Life-Preserving Coffin- In Doubtful Cases of Death (1844)


I found this amazing bit of American history on the Emergence of Advertising collection.
Before the enormous leaps forward in the late 19th century, Victorian medicine was far from an exact science and was practiced by “doctors” lacking much medical knowledge. Plagues of cholera, yellow fevor, &c. ravaged newly growing industrial cities that lacked sewers and running water, underlining the issue of premature burial as these scourges killed young and seemingly healthy people so quickly. The physical appearance of death – or “suspended animation”-could get a fellow prematurely buried.
Plucky Victorian Baltimore inventor and advertiser Mr. C. H. Eisenbradt solves this problem and advertises his “life-preserving coffin” thusly:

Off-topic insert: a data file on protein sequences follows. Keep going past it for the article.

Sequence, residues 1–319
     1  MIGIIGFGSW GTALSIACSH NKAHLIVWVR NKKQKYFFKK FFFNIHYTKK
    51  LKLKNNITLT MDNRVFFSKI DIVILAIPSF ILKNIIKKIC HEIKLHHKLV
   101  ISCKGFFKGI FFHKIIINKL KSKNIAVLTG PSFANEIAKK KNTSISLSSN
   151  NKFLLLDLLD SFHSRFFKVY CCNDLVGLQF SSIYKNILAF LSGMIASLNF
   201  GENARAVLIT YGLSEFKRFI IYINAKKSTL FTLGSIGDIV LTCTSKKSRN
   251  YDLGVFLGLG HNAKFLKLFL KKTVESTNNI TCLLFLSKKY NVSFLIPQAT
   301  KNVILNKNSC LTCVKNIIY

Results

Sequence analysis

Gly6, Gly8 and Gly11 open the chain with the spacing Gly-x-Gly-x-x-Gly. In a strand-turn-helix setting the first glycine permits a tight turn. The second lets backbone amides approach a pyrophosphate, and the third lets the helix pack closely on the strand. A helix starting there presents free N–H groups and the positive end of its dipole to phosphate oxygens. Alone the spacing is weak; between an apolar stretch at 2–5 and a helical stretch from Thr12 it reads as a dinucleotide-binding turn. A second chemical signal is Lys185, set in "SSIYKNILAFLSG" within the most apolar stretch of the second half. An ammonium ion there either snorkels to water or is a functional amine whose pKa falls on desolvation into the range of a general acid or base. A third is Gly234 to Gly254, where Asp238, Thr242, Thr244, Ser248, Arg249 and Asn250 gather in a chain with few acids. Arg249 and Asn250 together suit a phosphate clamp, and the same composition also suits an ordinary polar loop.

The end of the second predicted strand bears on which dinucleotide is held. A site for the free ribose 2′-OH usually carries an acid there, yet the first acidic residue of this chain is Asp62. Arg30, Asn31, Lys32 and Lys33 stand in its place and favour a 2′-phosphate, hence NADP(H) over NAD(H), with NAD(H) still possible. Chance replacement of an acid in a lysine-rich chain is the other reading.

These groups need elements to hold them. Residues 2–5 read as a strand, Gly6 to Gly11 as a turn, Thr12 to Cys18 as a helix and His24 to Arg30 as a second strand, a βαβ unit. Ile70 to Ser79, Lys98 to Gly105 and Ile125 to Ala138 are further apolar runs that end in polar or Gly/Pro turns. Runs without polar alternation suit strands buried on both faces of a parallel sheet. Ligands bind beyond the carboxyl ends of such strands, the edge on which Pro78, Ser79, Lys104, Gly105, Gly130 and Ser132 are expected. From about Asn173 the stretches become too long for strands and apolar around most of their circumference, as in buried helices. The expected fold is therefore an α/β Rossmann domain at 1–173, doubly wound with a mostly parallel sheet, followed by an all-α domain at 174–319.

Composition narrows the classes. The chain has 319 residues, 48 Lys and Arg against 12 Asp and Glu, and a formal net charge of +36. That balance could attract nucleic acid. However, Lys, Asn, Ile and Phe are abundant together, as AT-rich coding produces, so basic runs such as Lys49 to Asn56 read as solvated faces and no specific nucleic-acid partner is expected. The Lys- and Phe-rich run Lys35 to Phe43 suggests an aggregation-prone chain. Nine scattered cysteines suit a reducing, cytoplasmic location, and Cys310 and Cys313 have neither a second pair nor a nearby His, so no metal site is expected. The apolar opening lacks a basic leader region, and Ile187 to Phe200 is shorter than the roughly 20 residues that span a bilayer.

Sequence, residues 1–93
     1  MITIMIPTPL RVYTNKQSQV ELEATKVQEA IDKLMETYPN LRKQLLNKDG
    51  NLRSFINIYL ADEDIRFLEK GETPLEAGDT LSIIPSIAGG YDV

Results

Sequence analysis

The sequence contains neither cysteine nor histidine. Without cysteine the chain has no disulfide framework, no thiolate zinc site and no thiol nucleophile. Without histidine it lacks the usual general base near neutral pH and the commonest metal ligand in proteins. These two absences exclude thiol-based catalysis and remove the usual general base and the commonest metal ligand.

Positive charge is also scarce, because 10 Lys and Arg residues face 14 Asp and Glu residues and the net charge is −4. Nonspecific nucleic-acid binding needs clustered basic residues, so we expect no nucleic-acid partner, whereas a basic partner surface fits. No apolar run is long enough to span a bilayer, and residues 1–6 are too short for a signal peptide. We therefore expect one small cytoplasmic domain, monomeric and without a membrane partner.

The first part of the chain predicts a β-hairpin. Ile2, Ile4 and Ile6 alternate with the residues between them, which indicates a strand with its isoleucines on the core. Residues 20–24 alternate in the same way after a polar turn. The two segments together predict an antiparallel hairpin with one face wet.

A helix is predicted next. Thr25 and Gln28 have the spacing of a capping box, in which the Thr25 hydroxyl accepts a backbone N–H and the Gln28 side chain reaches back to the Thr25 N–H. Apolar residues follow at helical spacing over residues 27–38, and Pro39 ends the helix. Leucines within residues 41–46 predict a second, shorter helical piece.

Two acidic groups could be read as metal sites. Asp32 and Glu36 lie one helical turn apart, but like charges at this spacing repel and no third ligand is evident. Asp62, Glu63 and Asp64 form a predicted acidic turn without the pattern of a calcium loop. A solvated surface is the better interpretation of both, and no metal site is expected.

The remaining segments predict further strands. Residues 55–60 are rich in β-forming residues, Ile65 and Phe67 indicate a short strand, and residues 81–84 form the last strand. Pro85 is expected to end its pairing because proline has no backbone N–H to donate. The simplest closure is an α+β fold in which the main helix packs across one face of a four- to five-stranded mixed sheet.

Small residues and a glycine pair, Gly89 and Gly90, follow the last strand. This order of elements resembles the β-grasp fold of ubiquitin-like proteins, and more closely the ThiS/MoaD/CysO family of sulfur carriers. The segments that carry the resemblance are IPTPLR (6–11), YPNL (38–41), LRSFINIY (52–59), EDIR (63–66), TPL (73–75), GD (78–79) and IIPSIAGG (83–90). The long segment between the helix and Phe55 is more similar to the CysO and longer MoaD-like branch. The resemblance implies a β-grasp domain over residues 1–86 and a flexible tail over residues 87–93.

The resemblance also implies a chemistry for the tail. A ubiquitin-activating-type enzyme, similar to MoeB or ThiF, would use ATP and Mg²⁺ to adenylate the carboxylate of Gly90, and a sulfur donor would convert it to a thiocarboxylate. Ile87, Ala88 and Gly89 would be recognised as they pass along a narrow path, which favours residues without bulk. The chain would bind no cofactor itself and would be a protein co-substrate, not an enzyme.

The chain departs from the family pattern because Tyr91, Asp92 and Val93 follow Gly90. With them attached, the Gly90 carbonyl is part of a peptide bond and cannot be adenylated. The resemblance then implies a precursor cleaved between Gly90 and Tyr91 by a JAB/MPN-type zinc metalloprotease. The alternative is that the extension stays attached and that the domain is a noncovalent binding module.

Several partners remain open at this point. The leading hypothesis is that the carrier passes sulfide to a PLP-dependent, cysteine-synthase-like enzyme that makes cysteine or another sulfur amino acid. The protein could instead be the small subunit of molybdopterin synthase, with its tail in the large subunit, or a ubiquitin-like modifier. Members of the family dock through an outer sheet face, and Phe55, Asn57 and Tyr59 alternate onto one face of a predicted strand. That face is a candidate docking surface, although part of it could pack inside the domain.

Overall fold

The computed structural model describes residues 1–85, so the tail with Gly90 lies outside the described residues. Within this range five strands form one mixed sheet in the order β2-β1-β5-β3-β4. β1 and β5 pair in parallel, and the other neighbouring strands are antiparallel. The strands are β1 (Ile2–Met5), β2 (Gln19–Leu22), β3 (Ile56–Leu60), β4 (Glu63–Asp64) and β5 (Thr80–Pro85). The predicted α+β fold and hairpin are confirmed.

“The superiority of this kind of Coffin over the ordinary ones, will be perceived at a glance; and rests upon the fact, that the inventor has so contrived an arrangement admitting of pure air, and with springs and levers on the inside, that the slightest motion of its inmate will be instantly communicated to the springs, which, freeing the coffin-lid, it flies open- a circumstance which entirely relieves the confinement of the body”
(he recommends interment in a vault or “a properly heated room” to eleviate the problem of the prematurely buried being 6 feet under tons of earth)
They don’t write copy like they used to, huh?
Other “life-preserving coffins” sought to solve the problem of premature burial through breathing tubes which opened up above the grave, signal flags rigged to pulleys, little above ground bells on strings trailing into the coffin, or later, an electromagnetic bell alarm and flag combo.
This advertisement appeared in the same year in which fellow Baltimorian Edgar Allen Poe’s “The Premature Burial” was published in which an unnamed protagonist suffers from attacks of “catalepsy”- a condition in which the sufferer falls into a death-like “trance” and fears being buried alive. Coincidence?
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